U.S.-led coalition forces and Afghan police killed or wounded 38 Taliban militants in Afghanistan as four suspected Al Qaeda operatives were arrested by coalition forces in the country's east on Saturday, officials said.

The latest violence came as a senior NATO official said a major operation to crush Taliban fighters in the south was moving to a close.

U.S.-led coalition and Afghan forces attacked a compound in southern Afghanistan on Saturday, killing 20 suspected Taliban militants, a coalition statement said.

The joint force used "superior fire and maneuver techniques and lethal close air support to kill" the suspected militants after they had attempted an ambush in Shahidi Hassas district of southern Uruzgan province, the statement said.

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There were no casualities among coalition or Afghan forces, it said.

Meanwhile, the Al Qaeda suspects, accused of planning attacks on coalition and Afghan forces, were nabbed near Sal Kalay, a village in Khost province, along with assault rifles and a briefcase containing "extremist-related documents," a coalition statement said.

It did not give the suspects' names, nationalities or indicate their possible seniority within the terror group.

Fourteen militants, meanwhile, were killed or injured by airstrikes and artillery in Garmser district of the southern Helmand province on Thursday, said provincial police chief Ghulam Nabi Malakhel.

District chief Ghulam Rasool said there was more fighting between militants and police on Saturday but he had no information on any casualties.

Four other suspected Taliban were killed in the Tagab district of the northeastern Kapisa province Thursday, after militants fatally shot a policeman and wounded three, said Yousef Stanezai, spokesman for the Ministry of the Interior.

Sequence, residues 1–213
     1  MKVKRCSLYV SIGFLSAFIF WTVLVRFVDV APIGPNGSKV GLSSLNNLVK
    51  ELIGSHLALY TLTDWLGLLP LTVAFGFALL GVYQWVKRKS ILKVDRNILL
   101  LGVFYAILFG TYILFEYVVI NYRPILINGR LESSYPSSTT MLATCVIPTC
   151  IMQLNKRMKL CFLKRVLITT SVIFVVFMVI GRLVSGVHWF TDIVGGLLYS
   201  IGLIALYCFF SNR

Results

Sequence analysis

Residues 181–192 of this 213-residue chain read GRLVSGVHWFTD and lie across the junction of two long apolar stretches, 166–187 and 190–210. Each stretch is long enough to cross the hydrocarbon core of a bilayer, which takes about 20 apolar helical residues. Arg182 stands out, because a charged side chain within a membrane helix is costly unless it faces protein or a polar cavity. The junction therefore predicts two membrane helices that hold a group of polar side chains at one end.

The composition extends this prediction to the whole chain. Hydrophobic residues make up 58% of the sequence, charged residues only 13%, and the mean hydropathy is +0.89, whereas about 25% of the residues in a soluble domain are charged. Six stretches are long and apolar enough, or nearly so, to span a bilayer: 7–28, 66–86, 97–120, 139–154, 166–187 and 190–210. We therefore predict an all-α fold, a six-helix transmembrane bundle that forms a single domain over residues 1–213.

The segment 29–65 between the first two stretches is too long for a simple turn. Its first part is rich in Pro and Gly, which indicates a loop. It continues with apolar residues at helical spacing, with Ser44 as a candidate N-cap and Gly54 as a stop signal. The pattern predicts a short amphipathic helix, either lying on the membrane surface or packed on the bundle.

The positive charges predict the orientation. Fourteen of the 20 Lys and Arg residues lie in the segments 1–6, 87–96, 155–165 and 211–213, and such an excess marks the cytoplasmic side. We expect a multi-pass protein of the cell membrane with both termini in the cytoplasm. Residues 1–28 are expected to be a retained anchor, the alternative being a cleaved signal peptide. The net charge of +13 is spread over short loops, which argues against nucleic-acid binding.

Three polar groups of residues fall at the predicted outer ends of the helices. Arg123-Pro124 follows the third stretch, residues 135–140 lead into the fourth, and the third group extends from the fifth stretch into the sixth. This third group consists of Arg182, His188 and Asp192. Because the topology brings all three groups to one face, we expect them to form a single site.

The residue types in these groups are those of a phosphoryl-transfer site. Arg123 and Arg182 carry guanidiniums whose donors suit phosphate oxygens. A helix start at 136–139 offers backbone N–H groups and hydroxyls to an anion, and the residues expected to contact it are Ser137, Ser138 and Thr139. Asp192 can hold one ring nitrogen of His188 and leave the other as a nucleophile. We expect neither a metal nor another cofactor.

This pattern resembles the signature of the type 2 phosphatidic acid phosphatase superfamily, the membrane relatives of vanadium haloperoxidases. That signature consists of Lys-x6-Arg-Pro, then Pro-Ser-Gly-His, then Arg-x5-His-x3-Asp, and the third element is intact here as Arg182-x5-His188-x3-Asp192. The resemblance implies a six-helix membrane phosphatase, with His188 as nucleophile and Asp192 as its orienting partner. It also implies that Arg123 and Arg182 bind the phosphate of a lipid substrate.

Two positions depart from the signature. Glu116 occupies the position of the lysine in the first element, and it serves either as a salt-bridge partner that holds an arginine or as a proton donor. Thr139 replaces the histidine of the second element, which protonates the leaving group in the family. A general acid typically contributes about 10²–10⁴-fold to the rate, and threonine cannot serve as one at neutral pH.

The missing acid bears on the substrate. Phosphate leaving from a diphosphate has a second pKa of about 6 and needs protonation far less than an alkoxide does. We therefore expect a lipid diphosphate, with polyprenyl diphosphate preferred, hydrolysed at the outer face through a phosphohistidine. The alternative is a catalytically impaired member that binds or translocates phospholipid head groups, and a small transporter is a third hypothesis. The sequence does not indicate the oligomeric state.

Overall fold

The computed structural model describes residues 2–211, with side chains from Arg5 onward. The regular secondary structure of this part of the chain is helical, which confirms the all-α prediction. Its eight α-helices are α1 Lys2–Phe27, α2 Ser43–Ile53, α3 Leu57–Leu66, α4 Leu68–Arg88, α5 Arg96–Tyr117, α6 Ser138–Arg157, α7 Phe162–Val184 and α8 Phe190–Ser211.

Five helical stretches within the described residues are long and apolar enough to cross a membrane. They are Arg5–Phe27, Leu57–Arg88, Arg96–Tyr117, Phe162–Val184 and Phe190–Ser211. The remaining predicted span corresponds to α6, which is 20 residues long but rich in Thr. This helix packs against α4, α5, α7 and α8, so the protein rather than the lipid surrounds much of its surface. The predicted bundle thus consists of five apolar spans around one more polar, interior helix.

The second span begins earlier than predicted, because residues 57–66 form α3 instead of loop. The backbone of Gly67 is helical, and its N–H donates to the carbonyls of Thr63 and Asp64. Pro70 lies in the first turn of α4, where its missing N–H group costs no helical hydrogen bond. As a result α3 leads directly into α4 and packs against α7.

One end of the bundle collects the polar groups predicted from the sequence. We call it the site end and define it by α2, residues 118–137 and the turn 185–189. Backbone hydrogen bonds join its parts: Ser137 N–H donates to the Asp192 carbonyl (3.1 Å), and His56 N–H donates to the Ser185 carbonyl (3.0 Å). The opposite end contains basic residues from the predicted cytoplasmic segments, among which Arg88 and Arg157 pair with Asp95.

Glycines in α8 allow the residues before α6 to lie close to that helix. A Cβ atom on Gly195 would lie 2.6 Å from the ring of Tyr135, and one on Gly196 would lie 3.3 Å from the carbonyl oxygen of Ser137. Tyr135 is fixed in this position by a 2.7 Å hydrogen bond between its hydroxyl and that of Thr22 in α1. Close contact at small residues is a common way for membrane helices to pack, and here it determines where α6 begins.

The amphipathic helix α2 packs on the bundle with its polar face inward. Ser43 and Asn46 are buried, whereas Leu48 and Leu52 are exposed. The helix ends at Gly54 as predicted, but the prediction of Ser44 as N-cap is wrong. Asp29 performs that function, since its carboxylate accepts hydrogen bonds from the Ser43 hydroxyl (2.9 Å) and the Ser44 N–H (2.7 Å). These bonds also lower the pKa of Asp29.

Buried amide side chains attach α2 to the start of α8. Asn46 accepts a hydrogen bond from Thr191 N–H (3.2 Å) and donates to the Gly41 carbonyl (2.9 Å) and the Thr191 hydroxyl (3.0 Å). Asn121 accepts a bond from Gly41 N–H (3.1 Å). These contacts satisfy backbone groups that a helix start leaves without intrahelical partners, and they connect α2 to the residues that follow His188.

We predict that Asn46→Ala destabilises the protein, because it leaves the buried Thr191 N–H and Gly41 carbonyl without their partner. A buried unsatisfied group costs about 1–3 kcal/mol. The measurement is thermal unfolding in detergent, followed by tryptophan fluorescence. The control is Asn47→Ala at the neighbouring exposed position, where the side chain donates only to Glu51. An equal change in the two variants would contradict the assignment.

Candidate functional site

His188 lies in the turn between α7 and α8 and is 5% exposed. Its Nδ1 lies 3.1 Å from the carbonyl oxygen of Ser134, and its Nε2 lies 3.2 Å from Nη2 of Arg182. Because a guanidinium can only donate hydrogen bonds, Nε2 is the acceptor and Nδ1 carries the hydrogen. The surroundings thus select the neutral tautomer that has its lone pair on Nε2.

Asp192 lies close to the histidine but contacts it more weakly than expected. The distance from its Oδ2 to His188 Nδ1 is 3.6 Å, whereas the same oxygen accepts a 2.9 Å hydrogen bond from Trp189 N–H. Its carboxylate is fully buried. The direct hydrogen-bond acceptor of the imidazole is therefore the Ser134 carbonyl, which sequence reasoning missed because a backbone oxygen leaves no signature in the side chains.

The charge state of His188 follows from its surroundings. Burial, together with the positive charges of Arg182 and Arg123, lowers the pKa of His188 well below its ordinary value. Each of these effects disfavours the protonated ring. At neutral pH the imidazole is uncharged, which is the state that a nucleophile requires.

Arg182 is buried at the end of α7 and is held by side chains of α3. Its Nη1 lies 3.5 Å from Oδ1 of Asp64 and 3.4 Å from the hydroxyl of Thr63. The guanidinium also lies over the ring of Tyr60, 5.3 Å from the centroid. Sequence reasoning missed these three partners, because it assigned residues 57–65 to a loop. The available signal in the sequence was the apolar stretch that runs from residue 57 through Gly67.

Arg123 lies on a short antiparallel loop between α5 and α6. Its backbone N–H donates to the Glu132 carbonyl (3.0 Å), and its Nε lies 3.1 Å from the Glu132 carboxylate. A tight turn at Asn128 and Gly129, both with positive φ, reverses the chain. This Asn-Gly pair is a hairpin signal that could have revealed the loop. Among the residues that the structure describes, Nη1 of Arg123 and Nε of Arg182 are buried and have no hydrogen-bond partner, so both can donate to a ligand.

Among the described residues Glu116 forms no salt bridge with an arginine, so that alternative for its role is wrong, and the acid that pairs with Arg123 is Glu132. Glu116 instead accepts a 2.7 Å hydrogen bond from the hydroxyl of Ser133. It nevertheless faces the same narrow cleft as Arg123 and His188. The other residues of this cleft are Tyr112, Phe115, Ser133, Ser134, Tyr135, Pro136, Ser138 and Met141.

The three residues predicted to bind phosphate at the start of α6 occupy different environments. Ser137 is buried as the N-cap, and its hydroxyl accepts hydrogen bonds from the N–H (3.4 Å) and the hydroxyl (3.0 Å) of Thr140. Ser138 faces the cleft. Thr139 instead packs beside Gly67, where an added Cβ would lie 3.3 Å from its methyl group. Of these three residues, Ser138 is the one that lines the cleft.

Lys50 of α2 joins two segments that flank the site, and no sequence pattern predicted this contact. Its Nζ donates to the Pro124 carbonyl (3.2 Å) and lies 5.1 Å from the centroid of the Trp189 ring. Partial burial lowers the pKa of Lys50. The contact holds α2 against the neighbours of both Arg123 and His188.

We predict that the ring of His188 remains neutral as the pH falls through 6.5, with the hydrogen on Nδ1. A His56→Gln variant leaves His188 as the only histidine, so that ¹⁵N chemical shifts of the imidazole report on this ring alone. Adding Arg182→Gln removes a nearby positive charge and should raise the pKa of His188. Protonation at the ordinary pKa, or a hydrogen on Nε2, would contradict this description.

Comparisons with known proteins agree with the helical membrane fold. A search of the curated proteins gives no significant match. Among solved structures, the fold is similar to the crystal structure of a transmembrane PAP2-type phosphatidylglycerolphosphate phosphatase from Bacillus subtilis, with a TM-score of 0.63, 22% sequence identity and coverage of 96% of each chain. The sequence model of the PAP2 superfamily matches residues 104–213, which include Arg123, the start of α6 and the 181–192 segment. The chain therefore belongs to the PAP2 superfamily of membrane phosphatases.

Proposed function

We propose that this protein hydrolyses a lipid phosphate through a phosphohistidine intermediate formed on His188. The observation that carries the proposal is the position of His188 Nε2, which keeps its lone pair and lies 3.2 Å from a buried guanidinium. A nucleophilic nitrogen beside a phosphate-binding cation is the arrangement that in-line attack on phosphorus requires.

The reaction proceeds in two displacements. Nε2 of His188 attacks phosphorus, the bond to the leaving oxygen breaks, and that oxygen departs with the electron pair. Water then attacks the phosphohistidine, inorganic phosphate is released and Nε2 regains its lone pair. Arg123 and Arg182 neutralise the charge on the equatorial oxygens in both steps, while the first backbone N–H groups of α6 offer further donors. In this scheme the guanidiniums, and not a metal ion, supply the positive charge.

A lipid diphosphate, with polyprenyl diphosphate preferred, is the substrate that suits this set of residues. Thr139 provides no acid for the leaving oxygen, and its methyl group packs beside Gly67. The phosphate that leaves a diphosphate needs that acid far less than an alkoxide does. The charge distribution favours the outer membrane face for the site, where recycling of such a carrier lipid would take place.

A militant ambush in the same district later killed another policeman, and police arrested two suspected Taliban for the shooting.

Meanwhile, the commander of the NATO-led security force in Afghanistan said a massive U.S.-led offensive that has killed more than 600 suspected Taliban in the south will end when NATO takes over command from the coalition in the volatile region on Monday.

British Lt. Gen. David Richards, commander of NATO-led International Security Assistance Force, said the anti-terror coalition's Operation Mountain Thrust would wind down, but his 8,000-strong force of mostly British, Canadian and Dutch troops would "keep up the tempo" of operations against insurgents.

Since June 10, more than 10,000 Afghan and U.S.-led coalition forces have fanned out across the south, in response to an upsurge in Taliban attacks, sparking the bloodiest violence since the hardline regime's ouster in late 2001.

At least 19 coalition troops have died during the same period, according to an Associated Press count of coalition figures.

Richards said he did not expect the coalition — whose primary aim is to tackle militant groups such as Al Qaeda that are active in eastern Afghanistan — to now operate much in the south where the resistance is led by Taliban militants bent on toppling the government of President Hamid Karzai.

NATO brings a new strategy to dealing with the Taliban rebellion: establishing bases rather than chasing militants, and is hoping to win the support of local people by creating secure zones where development can take place.

"I hope people who now are often being intimidated into supporting the Taliban" will have the resolve to reject them, Richards said.

NATO forces will also have to grapple with drug militias involved in the insurgency, although they have no counternarcotics mandate and are only meant to support Afghan security forces who will take the lead in anti-drug operations.

Afghanistan produces nearly 90 percent of the world supply of opium, the raw material of heroin, much of it smuggled to the West. Afghan government officials and police are among those believed to profit.

Meanwhile, gunmen killed four police deployed to prevent trafficking of antiquities from a historical site at Dawlat Abad in northern Balkh province, near the border with Uzbekistan.

Naserullah Stanekzai, deputy minister of information and culture, said the assailants were suspected to be smugglers.

On Saturday, police also arrested four militants in the eastern Paktia province, Stanezai said.